Our last morning on the island, Jeanine was unloading the dishwasher, Martha was organizing the recycling, and I was folding dried bedding. We were cleaning up our traces of a week’s habitation in Ron’s house. The sky was leaking fat dollops of rain, the first rain we had seen in several weeks. Our stay on the island had been full of sunshine and miraculous sunsets. The day’s rain made it easy to leave such idyllic a setting, to return to our suburbian lives rife with traffic and the roar of lawnmowers.

I was mentally reviewing a magical sighting of ravens winging overhead and calling to each other with their stones-dropping-into-water knocking sounds, when Martha’s urgent call beckoned.

“Quick, you guys, get over here, RIGHT NOW!!”. She had her nose plastered against the sliding glass door of the dining room and was gazing fixedly toward the outdoor bird feeding station. Jeanine and I converged and pressed our noses to the glass as well, eager to see some exotic new bird. Some rosy headed finches were chasing each oher around the feeder. A rufous-sided towhee muscled its way to the preferred area of the platform and put the finches to flight into the surrounding hedge.

“It’s the same old birds,” complained Jeanine brandishing a fistful of mixed cutlery. “Nothing new here. I’m going back to my labours.”

“Stay a moment and watch,” suggested Martha, “Just keep looking at the bottom of the feeder post.” We stayed put and watched, waited.

Soon a low rodent slinked out of the shadows at the bottom of the hedge, made a run to the base of the feeder, curled its body into a ball and proceeded to chow down on fallen seeds. It had cute round ears and button black eyes, a rounded head and fawn-coloured fur. I opened the sliding door, whereupon the beastie scurried back into the safety of the hedge. It flashed a longish tail.

“Eeuw!!” exclaimed Jeanine. “It’s a rat!!!” She slammed shut the sliding door. We stood on the inside, gazing out to get more sightings of this rat.

The animal made several forays into the grass around the bird-feeder’s base. It sat there munching away, undisturbed by the birds above, and by us shut safely behind glass doors. At every opportunity I studied its movements and conformation. While it shared rodent characteristics with rats, it looked distinctively different, shorter and rounder in body and with a compressed face that reminded me of a gerbil’s. Its eyes were bigger and more button-like, not beady like a rat’s.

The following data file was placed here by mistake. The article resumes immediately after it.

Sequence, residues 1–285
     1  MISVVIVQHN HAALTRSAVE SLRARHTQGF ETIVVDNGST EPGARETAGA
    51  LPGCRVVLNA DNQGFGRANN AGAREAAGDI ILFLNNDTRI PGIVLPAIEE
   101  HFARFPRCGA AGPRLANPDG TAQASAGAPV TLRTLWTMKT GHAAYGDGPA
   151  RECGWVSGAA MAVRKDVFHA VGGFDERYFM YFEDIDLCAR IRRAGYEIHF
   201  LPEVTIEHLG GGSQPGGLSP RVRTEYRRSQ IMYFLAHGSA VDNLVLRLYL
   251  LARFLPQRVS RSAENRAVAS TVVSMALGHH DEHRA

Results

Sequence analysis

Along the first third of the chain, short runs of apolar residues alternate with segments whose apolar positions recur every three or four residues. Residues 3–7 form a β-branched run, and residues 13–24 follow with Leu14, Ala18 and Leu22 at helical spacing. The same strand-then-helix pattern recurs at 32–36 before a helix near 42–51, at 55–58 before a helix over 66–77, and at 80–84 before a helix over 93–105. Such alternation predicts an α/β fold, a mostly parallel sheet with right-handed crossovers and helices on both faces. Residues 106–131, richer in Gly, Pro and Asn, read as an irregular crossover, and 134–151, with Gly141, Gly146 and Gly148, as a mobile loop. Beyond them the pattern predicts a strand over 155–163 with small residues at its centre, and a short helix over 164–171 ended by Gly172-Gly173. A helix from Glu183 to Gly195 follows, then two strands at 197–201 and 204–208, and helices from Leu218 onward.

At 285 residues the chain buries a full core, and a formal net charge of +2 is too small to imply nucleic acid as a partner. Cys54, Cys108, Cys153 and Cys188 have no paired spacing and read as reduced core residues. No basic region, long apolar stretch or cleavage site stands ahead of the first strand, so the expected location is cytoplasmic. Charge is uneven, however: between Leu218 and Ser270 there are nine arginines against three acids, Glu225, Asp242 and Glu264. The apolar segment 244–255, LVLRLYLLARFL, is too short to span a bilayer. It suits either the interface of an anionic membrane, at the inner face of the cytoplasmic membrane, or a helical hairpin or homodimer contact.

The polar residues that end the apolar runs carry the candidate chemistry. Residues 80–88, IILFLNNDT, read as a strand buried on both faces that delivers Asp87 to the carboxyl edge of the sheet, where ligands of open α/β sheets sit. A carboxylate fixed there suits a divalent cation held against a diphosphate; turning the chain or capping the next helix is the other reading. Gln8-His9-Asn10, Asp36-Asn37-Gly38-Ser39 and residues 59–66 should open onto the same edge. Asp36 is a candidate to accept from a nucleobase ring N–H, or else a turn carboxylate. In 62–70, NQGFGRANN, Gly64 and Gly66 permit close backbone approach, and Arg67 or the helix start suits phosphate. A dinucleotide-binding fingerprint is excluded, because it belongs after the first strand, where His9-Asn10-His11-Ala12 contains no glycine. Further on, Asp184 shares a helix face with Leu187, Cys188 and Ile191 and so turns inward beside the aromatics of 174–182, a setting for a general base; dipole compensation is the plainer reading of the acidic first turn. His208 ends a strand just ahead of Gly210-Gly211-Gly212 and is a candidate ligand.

“That might be a vole,” I conjectured. “There are voles living out in the wilds here. While it kind of looks like a rat it is too rotund, and its belly is a lighter colour.”

“Pshaw,” said Martha. “You are half blind, G. You can’t mean to tell me you can actually see it has a lighter underside. It’s got to be a rat!”

“Well, I can see flashes of beige.” I asserted. “Go look it up on Ron’s computer.” Yep, we were on an island, but the internet has extended its hooks even here, even if it was only by dial-up.

“We don’t have time to check,” said Martha, peevish. “We have to get our garbage down to the transfer station. I still say it’s a rat.”

“Yuk!” uttered Jeanine. “Just think, here we have been lolling around in the mornings and evenings with all the sliding doors open, and these rats may have taken up residence inside the house. What will Ron think when he comes home and finds his house infested with rats?”

“Well,” said Martha in her reasoning manner, ” he may rethink feeding birds outside. I had to stop doing that at home when I saw rats that were getting fat on fallen seed from my bird-feeder.”

“No kidding, you guys.” I repeated. “There are such things a voles. It’s probably just a vole who has discovered an easy source of food.” I opened the sliding door and returned to my chore of folding sheets and towels.

Here I’m back home and after greeting Rumpole and having a coffee with him, after playing with Jessica and giving her a dog cookie, after picking up the General and ruffling his fur, I repaired to Google the flora and fauna of the island we had been staying on. Sure enough, there are both voles and rats on that island. But after looking the photographs I am only halfway convinced that what we saw there was a vole. How can I be sure, me with my poor vision?

But, whatever it was, it was doing a fair job of fattening itself for the winter ahead, and also had secured itself a source of ready food for the leaner months. This is all to the good, providing it was a vole and not a rat. Ron may not be happy to have a whole population or brown rats he is feeding in perpetuity. And heaven help him if they take up domicile in his garage or basement. He will be inundated.

Surely he must be aware of that possibility. Maybe its us squeamish suburban matrons who need to take  deep breath and relax about the whole thing. Maybe I need to convince myself that it was just an innocent vole who we had sighted. Who knows?